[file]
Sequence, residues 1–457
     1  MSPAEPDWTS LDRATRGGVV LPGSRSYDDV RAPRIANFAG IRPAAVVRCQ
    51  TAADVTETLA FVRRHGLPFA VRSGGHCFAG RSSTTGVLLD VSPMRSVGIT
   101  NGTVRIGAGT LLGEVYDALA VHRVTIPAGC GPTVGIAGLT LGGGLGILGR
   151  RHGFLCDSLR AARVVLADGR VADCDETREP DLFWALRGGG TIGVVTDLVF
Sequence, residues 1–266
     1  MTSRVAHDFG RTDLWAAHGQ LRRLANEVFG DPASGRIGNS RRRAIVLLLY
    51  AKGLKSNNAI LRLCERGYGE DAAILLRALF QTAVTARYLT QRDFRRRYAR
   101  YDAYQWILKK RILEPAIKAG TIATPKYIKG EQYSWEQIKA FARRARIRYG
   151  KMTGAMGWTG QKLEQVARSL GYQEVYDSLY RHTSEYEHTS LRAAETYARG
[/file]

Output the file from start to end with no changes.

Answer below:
Sequence, residues 1–457
     1  MSPAEPDWTS LDRATRGGVV LPGSRSYDDV RAPRIANFAG IRPAAVVRCQ
    51  TAADVTETLA FVRRHGLPFA VRSGGHCFAG RSSTTGVLLD VSPMRSVGIT
   101  NGTVRIGAGT LLGEVYDALA VHRVTIPAGC GPTVGIAGLT LGGGLGILGR
   151  RHGFLCDSLR AARVVLADGR VADCDETREP DLFWALRGGG TIGVVTDLVF
Sequence, residues 1–266
     1  MTSRVAHDFG RTDLWAAHGQ LRRLANEVFG DPASGRIGNS RRRAIVLLLY
    51  AKGLKSNNAI LRLCERGYGE DAAILLRALF QTAVTARYLT QRDFRRRYAR
   101  YDAYQWILKK RILEPAIKAG TIATPKYIKG EQYSWEQIKA FARRARIRYG
   151  KMTGAMGWTG QKLEQVARSL GYQEVYDSLY RHTSEYEHTS LRAAETYARG